Households will no longer have to pay to get rid of DIY waste, Environment Minister Rebecca Pow announced today (Sunday 18 June).
Following what the UK government described as overwhelming public support, Defra says it will abolish the fees which some local authorities charge for disposing of DIY waste at household waste recycling centres (HWRCs).
This sets out to support householders to dispose of their waste in a “responsible manner and encourage recycling”, Defra says.
Around a third of Local Authorities still charge for household DIY waste. The changes outlined today will mean councils treat DIY waste the same as household waste and could save households up to £10 for an individual item – for example, a sheet of plasterboard.
It is intended that the move will make it much easier and cheaper for people making home improvements to dispose of their waste – and may reduce fly-tipped waste.
We want to make it as easy as possible for people to dispose of their waste properly and that’s why we are removing the financial burden on doing the right thing with DIY trash.
Environment Minister Rebecca Pow said: “We want to make it as easy as possible for people to dispose of their waste properly and that’s why we are removing the financial burden on doing the right thing with DIY trash.
“This not only supports our wider work to tackle fly-tipping and waste crime, but we are helping home improvers across the nations make their dream projects a reality.”
These changes complement wider action being taken to tackle fly-tipping and waste crime, which is estimated to cost the economy £924m per year in England. Earlier this year Defra announced grants totalling £775,000 to help councils roll out a range of projects to crack down on fly-tipping.
Defra has consulted on reforming the waste carrier, broker, dealer regime and on introducing mandatory digital waste tracking, and are also developing a fly-tipping toolkit with National Fly-Tipping Prevention Group to help spread best practice among local authorities on tackling the issue.
Protecting local environment
Executive Director of the Environmental Services Association, Jacob Hayler, said: “We welcome any measures that make it easier for householders to dispose of waste correctly and responsibly at their local Household Waste Recycling Centre, which in turn reduces the chance of it falling into the hands of criminals or being fly-tipped.
“Tackling the scourge of waste crime, from low-level fly-tipping to industrial-scale illegal operations, will require a multifaceted approach which is why we also support additional measures being introduced to help local authorities and to implement digital waste tracking alongside reform of the licensing regime for waste carriers, brokers and dealers.”
We welcome any measures that make it easier for householders to dispose of waste correctly and responsibly…
The Government clarified the law in 2015 that local taxpayers should not be charged for disposing of household waste at civic amenity sites – scrapping backdoor “tip taxes”. It has also repeatedly stated that councils should not be charging for such DIY household waste disposal either.
The changes announced today clarify that DIY household waste should be treated the same as household waste.
These reforms set out to protect the local environment by encouraging responsible waste disposal, whilst keeping down the cost of living for households.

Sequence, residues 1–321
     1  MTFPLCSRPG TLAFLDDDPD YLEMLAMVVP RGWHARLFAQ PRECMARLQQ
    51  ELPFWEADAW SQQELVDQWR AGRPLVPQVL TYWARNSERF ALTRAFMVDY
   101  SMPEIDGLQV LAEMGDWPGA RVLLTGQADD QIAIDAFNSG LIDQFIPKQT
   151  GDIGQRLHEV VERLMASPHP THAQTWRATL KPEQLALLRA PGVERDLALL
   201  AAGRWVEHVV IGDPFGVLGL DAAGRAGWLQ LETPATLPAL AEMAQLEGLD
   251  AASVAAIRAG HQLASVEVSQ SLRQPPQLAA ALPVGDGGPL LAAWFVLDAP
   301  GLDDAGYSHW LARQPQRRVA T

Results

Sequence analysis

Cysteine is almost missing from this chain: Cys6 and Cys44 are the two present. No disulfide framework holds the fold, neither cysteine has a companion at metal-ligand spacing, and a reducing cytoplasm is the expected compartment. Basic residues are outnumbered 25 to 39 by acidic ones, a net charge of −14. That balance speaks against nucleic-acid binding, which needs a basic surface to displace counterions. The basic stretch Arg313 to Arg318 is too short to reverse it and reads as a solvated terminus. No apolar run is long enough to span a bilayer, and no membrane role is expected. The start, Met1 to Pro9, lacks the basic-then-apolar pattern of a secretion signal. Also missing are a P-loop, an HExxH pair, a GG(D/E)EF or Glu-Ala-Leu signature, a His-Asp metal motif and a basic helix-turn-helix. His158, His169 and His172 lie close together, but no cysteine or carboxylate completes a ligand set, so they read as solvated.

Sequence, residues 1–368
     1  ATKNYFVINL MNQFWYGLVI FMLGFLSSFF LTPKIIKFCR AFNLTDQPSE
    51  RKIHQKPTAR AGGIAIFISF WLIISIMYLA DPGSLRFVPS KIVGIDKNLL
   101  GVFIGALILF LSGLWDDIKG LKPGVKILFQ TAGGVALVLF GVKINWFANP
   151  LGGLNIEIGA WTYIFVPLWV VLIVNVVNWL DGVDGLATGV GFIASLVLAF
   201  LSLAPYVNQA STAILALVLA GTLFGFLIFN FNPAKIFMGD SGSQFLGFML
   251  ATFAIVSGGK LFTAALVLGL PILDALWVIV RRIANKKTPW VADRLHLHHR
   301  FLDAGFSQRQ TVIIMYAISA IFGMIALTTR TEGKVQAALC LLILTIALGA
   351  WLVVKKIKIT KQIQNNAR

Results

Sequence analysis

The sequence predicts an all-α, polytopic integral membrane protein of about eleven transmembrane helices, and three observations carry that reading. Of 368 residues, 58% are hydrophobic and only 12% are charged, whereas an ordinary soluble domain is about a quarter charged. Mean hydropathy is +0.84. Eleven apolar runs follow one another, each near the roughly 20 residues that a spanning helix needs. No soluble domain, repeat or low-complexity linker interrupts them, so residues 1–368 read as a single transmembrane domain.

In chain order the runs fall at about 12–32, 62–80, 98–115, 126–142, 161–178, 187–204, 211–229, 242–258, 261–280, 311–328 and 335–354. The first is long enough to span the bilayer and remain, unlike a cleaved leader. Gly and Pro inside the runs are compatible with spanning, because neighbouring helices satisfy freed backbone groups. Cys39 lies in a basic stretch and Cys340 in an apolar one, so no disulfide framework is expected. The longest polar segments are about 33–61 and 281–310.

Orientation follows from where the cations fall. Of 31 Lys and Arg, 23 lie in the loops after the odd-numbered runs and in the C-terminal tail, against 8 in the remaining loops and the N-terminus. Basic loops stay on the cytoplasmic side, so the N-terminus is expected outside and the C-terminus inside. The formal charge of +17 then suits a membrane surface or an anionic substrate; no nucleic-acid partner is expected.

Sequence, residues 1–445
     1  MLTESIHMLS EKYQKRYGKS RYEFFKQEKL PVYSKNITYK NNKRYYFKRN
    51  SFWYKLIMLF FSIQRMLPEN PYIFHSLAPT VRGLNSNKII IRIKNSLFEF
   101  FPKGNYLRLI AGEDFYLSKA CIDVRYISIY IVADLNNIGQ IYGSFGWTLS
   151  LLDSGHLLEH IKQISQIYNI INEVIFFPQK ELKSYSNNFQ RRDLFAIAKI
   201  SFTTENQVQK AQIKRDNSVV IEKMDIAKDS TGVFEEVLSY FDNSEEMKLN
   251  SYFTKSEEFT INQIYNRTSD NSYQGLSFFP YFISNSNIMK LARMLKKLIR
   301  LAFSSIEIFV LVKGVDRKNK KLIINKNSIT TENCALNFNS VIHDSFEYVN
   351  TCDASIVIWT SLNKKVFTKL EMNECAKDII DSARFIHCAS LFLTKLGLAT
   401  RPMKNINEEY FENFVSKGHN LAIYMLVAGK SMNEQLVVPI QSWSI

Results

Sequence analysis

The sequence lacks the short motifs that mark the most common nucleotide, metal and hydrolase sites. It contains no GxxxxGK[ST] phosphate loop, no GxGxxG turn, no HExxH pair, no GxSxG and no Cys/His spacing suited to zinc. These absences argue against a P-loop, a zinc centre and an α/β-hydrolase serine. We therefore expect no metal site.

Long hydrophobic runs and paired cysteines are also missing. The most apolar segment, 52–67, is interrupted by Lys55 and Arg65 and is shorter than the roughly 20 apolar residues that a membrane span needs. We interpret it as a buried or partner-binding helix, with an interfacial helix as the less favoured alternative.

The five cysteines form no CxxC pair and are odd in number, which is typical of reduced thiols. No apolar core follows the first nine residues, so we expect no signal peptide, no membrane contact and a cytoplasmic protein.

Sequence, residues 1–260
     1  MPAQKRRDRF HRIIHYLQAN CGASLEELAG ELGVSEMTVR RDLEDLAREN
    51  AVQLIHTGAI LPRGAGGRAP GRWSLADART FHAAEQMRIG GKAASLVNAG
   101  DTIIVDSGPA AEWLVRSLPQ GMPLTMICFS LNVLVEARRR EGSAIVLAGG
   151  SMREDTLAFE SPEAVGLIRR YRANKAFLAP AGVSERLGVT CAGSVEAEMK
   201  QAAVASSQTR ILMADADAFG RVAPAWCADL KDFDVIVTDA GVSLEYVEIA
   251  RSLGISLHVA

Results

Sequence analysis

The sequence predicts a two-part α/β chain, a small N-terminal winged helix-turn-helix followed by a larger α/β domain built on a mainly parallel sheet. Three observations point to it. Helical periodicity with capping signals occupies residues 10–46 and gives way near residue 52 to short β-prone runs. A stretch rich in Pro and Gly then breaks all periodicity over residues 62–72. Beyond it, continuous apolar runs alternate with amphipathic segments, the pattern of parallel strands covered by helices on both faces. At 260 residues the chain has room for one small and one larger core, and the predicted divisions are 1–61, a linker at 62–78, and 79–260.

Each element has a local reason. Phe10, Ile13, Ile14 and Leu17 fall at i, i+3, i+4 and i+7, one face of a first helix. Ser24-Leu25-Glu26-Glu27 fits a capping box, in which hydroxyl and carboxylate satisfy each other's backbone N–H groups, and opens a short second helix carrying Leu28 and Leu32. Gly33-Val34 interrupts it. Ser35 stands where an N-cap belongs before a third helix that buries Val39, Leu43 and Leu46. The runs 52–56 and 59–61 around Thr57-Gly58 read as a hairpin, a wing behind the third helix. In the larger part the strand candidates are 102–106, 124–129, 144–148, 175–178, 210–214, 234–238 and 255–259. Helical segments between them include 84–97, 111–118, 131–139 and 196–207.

Construction waste is considered to be DIY waste and should be treated as household waste, when it meets the following four conditions:
- the waste is produced by householders whilst carrying out small-scale construction or demolition works at their home;
- the waste does not arise from activities that generate an income for the person who carried them out;
- the waste is not produced on a regular basis requiring HWRC visits more frequently than four times per household over a four week period; and
- the quantity of waste per visit is no greater than two 50L rubble bags or 1 bulky or fitted item no larger than 2000mm x 750mm x700mm, such as a bath tub.
If these conditions are not met, the waste is still construction waste and can be charged for.
There were a total of 2,238 responses to the consultation. Over 90% of respondents agreed with our proposals to amend legislation to ensure that householders are not charged for the disposal of DIY waste at HWRCs.
Lee Marshall, Policy and External Affairs Director, CIWM, commented: “CIWM understands the desire to have consistency across local authorities when it comes to HWRC services but this announcement from Defra is questionable. CIWM is not aware of any research that shows unequivocally a link between charging for waste at HWRCs and increased fly-tipping.
“CIWM feels there are more important issues to be addressed, including increasing recycling and reducing overall waste arisings. By being able to charge, local authorities can provide better services and divert more materials into recycling.
CIWM feels there are more important issues to be addressed, including increasing recycling and reducing overall waste arisings.
“Local authorities have estimated the cost of removing charges will be around one million pounds. That is money that will have to be taken from other services at a time when local authority budgets are squeezed.
“CIWM urges Defra to work with our local authority members in drafting the technical details of these changes as there are still some concerns about how workable and enforceable they will be as currently outlined by Defra.”